Pregnancy Discrimination in New York State and New York City
Many State and City laws also provide for reasonable accommodations of a pregnant worker’s condition or physical needs. The focus of these laws is to accommodate the physical conditions and limitations of women who are pregnant. Both New York State and New York City human rights laws cover all employers with four or more employees.
New York State
Pregnancy Accommodation and Pregnancy Related Disability Accommodation
The Protect Women from Pregnancy Discrimination Act amended the New York State Human Rights Law to define a “pregnancy-related condition” as a disability. The amendment requires employers to provide reasonable accommodations for pregnancy-related medical conditions, unless the accommodation would place an undue burden on the employer.
The bill defines “pregnancy-related condition” as "a medical condition related to pregnancy or childbirth that inhibits the exercise of a normal bodily function or is [medically] demonstrable” provided, [that the term be] limited to conditions which, upon the provision of reasonable accommodations, do not prevent the complainant from performing in a reasonable manner the activities involved in the job.”
An employer must provide reasonable unpaid break time or permit an employee to use paid break time or meal time to express breast milk for up to three years following child birth. The employer must make reasonable efforts to provide a room or other location, in close proximity to the work area, where an employee can express milk in privacy. No employer may discriminate in any way against an employee who chooses to express breast milk in the work place.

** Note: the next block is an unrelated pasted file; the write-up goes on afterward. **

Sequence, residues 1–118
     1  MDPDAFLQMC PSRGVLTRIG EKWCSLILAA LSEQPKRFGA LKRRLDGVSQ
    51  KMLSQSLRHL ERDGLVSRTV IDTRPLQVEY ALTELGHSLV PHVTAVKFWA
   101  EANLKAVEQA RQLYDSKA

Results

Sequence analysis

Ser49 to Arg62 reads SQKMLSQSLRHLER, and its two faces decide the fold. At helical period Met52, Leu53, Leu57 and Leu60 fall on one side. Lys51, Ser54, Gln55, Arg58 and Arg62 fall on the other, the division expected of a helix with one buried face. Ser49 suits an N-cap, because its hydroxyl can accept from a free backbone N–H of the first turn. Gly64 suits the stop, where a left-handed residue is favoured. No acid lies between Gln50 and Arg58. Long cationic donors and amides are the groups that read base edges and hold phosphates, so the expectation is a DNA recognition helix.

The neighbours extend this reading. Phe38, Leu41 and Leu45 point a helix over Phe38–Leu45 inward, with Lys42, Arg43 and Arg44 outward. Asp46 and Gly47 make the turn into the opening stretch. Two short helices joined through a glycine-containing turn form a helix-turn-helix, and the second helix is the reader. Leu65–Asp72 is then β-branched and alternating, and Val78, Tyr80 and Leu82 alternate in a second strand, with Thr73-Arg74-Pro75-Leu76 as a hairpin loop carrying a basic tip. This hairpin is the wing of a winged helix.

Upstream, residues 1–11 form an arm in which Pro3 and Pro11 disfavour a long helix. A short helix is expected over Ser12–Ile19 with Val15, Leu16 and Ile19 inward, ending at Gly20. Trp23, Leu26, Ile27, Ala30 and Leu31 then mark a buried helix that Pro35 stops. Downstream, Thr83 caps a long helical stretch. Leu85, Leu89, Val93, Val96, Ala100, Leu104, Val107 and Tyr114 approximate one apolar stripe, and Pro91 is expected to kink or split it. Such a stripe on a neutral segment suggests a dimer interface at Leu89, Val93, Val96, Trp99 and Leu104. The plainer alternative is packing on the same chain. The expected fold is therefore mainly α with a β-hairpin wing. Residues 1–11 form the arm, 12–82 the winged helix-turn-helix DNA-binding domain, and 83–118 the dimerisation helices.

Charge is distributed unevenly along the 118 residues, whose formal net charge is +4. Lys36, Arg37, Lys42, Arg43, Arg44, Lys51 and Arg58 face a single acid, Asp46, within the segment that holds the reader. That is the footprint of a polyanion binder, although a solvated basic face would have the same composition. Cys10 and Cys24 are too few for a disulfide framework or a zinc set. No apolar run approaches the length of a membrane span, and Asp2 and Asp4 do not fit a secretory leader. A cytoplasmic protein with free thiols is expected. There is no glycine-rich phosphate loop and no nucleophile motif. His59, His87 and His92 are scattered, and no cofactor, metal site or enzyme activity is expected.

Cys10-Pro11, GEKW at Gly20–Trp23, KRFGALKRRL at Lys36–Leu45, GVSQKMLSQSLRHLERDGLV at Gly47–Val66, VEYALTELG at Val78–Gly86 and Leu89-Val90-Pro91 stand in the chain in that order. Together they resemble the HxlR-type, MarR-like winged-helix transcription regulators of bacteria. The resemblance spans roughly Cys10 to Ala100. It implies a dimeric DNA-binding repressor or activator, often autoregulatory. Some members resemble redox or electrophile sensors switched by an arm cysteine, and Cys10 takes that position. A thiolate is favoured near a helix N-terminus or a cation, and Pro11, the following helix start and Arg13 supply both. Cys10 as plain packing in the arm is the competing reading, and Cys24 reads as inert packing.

New York City
Pregnancy Discrimination and Reasonable Accommodation
New York City’s Pregnant Workers Fairness Act (“PWFA”), a 2014 amendment to the NYCHRL, provides even more protections for pregnant workers. Under the PWFA, employers with four or more employees must accommodate an employee’s pregnancy, and almost any accommodation that does not cause an undue hardship to the employer must be provided. These accommodations, many of which require little change in the workplace, have the goal of ensuring that a pregnant woman can remain at work safely in her work environment instead of finding herself being pushed out of the workforce.
In 2016, the NYC Commission on Human Rights issued guidelines on the enforcement of the PWFA. This guidance gives information on the scope of the PWFA and the type of reasonable accommodations pregnant workers are entitled to. It also details the responsibilities of employers. Since the PWFA applies to all employers with four or more employees in New York City, the reach of the PWFA and the 2016 Guidelines is significant. The most notable part of the guidance spells out that the employee and employer must enter into a "cooperative dialogue,” whereby employers and employees evaluate options for accommodating an employee in a timely manner for a time-limited period.